Published on April 6th, 2018 | by Hugh Mitchell0
Burnout Paradise Remastered Review
Summary: Burnout Paradise Remastered is the same Burnout Paradise you know and love, brought back to life for modern consoles. A few outdated mechanics doesn't stop this from being one of the best arcade racers around.
Take me down!
When it comes to gaming’s most ferocious “Us vs. Them” debates, few can match the fervour of Burnout fans contesting the epitome of the series between Burnout 3: Takedown and Burnout Paradise. Takedown fans will tell you that Paradise’s open-world design dilutes the Burnout experience. Paradise fans will argue that an open-world is the perfect playground for Burnout’s unique brand of mayhem. After playing through the recently released Burnout Paradise Remastered, arguments from both sides carry some weight, but one thing everyone can agree on is that Burnout Paradise is still an undeniably fun game.
Burnout Paradise Remastered does exactly what it says in the title: the last game in EA’s beloved car-crashing franchise has been brought back to life with a graphical overhaul and a tonne of DLC thrown in. The gameplay remains completely untouched, which will come as a relief to returning fans but may put the spotlight on some out-dated mechanics for newcomers.
If you’re unfamiliar with the Burnout franchise, the series started out in 2001 as a modern-day arcade racer with a strong fetish for spectacular crashes. With subsequent releases, white-knuckle racing and ridiculous wrecks became the game’s focal point. The series eventually followed the hottest trend in gaming at the time and moved to an open-world formula in 2008 with Burnout Paradise.
In many ways this open-world formula works surprisingly well for the Burnout series. Collectibles littered throughout the world come in the form of discovering shortcuts, smashing billboards, completing stunt jumps and destroying rare cars to unlock them to use in events. Boosting around and scouring the world in your unbranded muscle car to find these collectibles is great fun. The downside of the open world formula is the way its design influences the events you’ll be competing in.
There are no set tracks in Burnout Paradise. You start an event at any set of traffic lights on the map and finish at one of eight locations throughout the world. How you get there is up to you. On the positive side, races are very free form and learning the city with its many hidden shortcuts puts you at an advantage. On the other hand, this means you’ll be spending a lot of time driving the same routes through the mountains to get to the observatory, with only slight variations at the beginning of the races.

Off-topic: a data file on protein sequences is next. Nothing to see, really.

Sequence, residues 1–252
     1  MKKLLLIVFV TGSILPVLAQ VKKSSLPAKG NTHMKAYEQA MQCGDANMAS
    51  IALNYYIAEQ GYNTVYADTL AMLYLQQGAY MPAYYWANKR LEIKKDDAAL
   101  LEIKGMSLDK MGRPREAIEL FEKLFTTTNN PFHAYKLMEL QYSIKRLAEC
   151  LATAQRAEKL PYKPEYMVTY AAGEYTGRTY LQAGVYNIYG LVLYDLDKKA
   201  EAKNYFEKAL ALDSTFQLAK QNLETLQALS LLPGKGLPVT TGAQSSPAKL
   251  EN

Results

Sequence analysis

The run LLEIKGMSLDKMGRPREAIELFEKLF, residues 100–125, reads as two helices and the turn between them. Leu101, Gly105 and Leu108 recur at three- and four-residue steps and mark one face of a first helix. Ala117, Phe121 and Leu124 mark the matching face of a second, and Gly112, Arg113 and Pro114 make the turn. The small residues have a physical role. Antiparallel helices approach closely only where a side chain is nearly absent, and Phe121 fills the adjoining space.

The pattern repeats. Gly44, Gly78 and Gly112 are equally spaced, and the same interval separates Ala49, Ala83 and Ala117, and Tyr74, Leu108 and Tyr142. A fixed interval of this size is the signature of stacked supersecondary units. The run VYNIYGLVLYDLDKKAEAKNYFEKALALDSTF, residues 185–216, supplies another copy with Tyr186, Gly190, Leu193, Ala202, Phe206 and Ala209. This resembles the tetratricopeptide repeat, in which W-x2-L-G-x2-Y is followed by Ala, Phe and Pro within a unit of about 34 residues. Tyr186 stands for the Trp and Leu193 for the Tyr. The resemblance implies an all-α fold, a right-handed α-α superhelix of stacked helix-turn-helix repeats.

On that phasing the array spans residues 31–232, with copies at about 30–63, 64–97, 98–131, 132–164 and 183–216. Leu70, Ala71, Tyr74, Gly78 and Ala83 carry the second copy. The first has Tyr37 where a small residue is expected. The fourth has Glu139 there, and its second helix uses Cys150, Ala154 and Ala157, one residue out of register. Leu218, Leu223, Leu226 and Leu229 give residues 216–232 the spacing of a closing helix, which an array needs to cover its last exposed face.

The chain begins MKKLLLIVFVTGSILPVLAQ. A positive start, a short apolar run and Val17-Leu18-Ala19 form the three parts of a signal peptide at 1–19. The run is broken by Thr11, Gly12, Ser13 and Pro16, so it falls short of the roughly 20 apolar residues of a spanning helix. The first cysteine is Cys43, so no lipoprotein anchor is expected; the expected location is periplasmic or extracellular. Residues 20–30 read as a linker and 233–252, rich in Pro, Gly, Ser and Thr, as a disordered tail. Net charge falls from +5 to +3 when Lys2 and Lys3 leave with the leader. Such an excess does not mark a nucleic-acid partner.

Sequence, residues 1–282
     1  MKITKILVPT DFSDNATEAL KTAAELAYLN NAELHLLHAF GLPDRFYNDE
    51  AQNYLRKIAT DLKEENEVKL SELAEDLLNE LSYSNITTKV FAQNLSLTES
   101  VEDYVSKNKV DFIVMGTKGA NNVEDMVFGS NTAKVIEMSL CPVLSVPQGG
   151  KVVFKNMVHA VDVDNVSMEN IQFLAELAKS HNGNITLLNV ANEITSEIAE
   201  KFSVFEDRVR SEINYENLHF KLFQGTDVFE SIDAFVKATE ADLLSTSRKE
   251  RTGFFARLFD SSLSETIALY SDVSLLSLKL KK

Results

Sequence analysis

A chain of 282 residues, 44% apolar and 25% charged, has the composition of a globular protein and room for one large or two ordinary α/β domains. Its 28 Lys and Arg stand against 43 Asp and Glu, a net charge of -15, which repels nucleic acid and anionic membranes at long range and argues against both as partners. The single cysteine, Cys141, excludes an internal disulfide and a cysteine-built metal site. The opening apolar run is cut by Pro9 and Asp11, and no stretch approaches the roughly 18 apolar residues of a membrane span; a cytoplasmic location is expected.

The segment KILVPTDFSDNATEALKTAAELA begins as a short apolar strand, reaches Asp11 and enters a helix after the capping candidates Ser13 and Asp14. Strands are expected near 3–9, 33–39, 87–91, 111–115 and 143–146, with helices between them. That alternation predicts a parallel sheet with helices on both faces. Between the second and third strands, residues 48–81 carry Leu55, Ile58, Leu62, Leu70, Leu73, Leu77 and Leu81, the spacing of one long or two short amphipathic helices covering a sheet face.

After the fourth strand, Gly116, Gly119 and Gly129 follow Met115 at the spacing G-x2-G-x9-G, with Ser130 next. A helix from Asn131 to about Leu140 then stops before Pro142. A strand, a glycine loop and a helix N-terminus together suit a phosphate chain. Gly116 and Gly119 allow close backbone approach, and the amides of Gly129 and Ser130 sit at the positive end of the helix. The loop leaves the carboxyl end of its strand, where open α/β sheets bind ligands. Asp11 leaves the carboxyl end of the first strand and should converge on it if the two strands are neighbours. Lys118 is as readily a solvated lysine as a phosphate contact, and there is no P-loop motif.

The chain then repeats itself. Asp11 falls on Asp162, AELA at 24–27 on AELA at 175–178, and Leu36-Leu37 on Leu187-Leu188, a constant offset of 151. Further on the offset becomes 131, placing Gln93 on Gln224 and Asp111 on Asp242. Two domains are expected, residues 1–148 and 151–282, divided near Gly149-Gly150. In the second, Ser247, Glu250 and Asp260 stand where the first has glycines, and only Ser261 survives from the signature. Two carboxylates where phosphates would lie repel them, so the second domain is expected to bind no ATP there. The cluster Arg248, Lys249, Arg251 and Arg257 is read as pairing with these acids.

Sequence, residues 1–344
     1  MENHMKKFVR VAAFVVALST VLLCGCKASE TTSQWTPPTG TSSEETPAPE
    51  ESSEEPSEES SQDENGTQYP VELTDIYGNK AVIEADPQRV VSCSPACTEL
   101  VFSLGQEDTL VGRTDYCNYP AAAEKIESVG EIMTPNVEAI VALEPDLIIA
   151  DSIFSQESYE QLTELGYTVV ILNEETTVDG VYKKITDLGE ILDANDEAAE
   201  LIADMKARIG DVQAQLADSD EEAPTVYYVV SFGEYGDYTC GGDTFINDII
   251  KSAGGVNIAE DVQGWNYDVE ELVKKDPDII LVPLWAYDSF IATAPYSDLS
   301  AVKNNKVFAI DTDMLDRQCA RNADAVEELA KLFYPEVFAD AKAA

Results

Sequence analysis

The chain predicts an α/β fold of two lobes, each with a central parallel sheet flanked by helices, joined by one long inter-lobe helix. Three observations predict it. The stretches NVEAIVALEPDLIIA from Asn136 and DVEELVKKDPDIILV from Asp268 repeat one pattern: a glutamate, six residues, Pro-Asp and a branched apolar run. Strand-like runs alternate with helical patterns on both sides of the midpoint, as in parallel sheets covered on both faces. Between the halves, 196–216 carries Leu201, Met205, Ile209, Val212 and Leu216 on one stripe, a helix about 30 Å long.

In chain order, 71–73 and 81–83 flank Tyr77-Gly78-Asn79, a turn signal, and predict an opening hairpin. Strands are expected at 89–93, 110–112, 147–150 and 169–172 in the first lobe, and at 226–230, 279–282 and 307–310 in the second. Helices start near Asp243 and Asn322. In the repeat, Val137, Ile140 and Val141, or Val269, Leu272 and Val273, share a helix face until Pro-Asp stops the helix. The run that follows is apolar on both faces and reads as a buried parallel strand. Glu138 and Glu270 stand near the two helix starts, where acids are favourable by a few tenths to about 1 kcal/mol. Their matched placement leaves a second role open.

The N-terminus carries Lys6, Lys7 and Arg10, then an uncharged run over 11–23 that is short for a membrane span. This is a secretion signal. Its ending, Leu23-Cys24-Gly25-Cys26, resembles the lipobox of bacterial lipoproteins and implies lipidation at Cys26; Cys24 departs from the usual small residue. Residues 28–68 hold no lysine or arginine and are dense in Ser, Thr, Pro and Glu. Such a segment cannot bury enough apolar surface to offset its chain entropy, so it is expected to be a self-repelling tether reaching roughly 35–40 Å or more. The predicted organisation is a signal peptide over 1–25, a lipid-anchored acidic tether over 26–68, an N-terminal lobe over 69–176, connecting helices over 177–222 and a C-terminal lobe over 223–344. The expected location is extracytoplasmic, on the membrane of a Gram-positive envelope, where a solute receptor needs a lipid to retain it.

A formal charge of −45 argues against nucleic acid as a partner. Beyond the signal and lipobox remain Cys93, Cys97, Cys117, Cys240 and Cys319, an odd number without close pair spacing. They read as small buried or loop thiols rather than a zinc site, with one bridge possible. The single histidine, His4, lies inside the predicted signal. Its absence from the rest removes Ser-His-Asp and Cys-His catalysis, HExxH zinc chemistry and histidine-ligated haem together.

The more egregious aspect of this system is that the game doesn’t give you the option to restart the race if you get off to a bad start, or retry the race if you’re just edged out over the finish line. If you want to try that exact same event again, you need to drive all the way back across the map to start the race again, as there’s no fast travel system.
Unfortunately, this isn’t the only out-dated mechanic that has been thoroughly addressed by modern open-world racing games. Burnout paradise uses a unique compass system to guide you along the optimum path to your destination. Street signs at the top of the screen tell you what road you’re on and how far away an upcoming turn is. It’s an odd system that takes a while to become familiar with and unfortunately it means you’ll be spending a lot of time staring at the mini-map while you’re weaving through traffic to ensure you make the right turn. So expect a lot of frustrating head-on collisions until you become more familiar with the layout of the city.
It seems I dedicated a lot of page space in this review talking about the negative aspects of Burnout Paradise, which is rather disingenuous as ultimately these complaints had very little impact on the overall excellent experience I had with this game because everything else about Burnout Paradise Remastered is so darn good.
I could write another ten paragraphs about everything Burnout Paradise Remastered gets right, but I’ll spare it by briefly summarising. The driving feels fantastic. The cars are abundant and varied. The world is ingeniously designed to be both fun to explore and race around. The included DLC adds a tonne of new content to the base game. The car-crashing tech is as good as it has ever been and the online multiplayer is uniquely fun.
Burnout Paradise Remastered is a great package. Fans of the series will relish seeing the signature high-speed, car-crashing mayhem being rendered in glorious 4k at 60fps (if you’ve got an Xbox One, PS4 or a beefy PC). Newcomers that can overcome a few speed bumps in the form of some out-dated mechanics will find a great entry point to the series with some of the best arcade racing the genre has to offer. Here’s hoping EA is testing the waters with Burnout Paradise Remastered and we start to see more action and less talking in the next Need for Speed.